A year ago, the Reserve Bank of India (RBI) had come out with a licencing framework for setting up multiple retail payment entities. The idea was to create another National Payment Corporation of India (NPCI) kind of institution to expand retail payments and also encourage innovations in the financial system. While NPCI has innovated game-changing payments infrastructure like UPI, which is a global hit, the retail entity has also become a 'too-big-to-fail' institution, and any IT outages or cyber-attacks could halt the entire payment systems in the country.
Post the RBI's new norms, many large players under a consortium have applied for a licence. These partners include names like Facebook, Google, Amazon, ICICI Bank, Tatas, Kotak, HDFC Bank, Flipkart, PayU Axis Bank, Visa, Pine Labs, BillDesk Paytm, among dozens others. These entities are still awaiting the RBI's nod. Let's look at the issues before the regulators;
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Private and foreign ownership
The RBI's new licencing guidelines were a bold policy move shifting towards a more private-led infrastructure system to manage the payments in the country. This has actually opened the doors for foreign players like Amazon, Facebook, and Google to participate as a promoter of retail payment entities in India. The biggest issue is data privacy as many private players in the digital space had come under the scanner for data privacy issues in the past. The networks of some of the players who applied for the licence also suffered cyber attacks . "There are a lot of companies in India that have foreign ownership. At the end of the day, you need cutting-edge innovations to promote retail payments. I suspect there will be a strict Chinese wall built around," defends a leading player on condition of anonymity.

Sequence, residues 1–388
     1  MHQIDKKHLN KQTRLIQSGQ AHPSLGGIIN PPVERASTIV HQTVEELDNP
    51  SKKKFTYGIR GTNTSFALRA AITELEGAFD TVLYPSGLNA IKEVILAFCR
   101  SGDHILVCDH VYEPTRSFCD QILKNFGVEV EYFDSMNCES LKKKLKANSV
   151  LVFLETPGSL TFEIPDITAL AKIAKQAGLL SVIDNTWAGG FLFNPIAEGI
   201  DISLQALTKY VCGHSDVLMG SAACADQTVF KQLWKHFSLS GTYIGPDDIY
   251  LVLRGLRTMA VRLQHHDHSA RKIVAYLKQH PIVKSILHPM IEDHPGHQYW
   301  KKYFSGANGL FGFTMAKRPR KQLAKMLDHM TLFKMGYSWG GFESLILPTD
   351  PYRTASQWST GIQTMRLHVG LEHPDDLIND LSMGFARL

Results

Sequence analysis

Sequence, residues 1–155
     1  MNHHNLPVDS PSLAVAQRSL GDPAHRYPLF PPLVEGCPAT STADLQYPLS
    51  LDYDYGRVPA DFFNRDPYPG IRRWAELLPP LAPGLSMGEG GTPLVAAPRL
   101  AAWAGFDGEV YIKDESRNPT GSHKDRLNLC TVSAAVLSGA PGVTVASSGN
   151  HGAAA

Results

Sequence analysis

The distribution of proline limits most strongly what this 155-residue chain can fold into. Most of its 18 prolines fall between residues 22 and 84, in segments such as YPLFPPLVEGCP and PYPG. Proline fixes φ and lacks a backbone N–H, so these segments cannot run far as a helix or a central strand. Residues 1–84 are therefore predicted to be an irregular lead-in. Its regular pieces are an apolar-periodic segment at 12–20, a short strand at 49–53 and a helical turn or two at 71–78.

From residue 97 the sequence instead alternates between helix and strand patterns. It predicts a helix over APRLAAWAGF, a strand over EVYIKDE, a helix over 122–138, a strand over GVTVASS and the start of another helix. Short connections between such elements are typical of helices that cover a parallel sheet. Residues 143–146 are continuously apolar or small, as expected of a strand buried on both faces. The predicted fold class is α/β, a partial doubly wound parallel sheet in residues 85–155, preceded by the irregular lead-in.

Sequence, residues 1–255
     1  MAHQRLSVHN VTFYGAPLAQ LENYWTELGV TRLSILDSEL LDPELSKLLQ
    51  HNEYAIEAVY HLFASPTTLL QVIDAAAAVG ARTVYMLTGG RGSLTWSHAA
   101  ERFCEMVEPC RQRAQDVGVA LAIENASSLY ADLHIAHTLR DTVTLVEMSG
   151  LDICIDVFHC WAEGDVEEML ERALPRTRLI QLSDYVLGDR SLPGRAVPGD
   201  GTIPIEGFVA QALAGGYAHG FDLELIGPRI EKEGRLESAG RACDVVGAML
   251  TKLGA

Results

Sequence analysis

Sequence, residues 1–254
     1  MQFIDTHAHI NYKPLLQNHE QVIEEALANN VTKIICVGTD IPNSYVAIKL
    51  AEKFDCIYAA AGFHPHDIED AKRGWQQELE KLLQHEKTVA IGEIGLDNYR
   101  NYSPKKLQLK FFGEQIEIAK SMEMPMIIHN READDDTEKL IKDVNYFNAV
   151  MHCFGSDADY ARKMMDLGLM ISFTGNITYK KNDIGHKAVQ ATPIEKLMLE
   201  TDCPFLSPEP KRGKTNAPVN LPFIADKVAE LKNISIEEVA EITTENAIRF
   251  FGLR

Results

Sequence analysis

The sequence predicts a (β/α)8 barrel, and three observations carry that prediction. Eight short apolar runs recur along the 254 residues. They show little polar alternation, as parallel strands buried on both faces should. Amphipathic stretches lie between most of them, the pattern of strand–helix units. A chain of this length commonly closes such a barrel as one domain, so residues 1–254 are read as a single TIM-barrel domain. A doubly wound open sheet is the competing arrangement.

Conflict of interest
All the aspirants of the new umbrella entity are also payments players in the market. Be it banks, fintech, or the social media giants, all these players are also in the early stage of creating innovative payments models for the masses. The innovations or the initiatives of the NIU promoted by them could serve their own interest. There will be issues of arms-length relationship between the two entities. Will the RBI or the government allow large payments players to also sit on the board of the umbrella entity, which has a larger interest in serving the society?
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NPCI was promoted by the banks with a very distributed shareholding, with no single player owning more than 10 per cent stake. But in the case of promoters of a new umbrella entity, the equity stake will be much higher. The RBI guidelines stipulate that no single promoter will have more than 40 per cent stake in the new payment entity. Even equity dilution to 25 per cent was allowed only after five years. This effectively means the consortium members will have a major say in the company for more than 5 years. At a time when digital payments are exploding in the market, especially post the pandemic, the consortium players could influence the decision-making.
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The current retail payment entity NPCI is a not-for-profit company. The RBI's new licencing norms have suggested 'for profit' entities in the retail payments space. The very idea of having a 'for profit' retail payment organisation would defeat the purpose as India is at an early stage of transforming to a less-cash economy. The cash in the economy is still very high at over 12-14 per cent despite the digitisation. The rural and semi-urban areas are still dominated by the cash economy. No private players would burn cash to resolve the infrastructure issues in the hinterland.
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